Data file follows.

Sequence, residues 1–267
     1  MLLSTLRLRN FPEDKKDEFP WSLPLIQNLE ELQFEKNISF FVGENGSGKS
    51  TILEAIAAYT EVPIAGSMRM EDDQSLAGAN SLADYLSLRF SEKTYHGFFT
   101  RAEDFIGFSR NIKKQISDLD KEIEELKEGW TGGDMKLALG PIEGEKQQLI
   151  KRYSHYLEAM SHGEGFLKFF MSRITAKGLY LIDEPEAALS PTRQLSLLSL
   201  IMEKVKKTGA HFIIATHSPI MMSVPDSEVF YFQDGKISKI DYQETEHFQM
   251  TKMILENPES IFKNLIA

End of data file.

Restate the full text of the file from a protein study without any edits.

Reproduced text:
Sequence, residues 1–267
     1  MLLSTLRLRN FPEDKKDEFP WSLPLIQNLE ELQFEKNISF FVGENGSGKS
    51  TILEAIAAYT EVPIAGSMRM EDDQSLAGAN SLADYLSLRF SEKTYHGFFT
   101  RAEDFIGFSR NIKKQISDLD KEIEELKEGW TGGDMKLALG PIEGEKQQLI
   151  KRYSHYLEAM SHGEGFLKFF MSRITAKGLY LIDEPEAALS PTRQLSLLSL
   201  IMEKVKKTGA HFIIATHSPI MMSVPDSEVF YFQDGKISKI DYQETEHFQM
   251  TKMILENPES IFKNLIA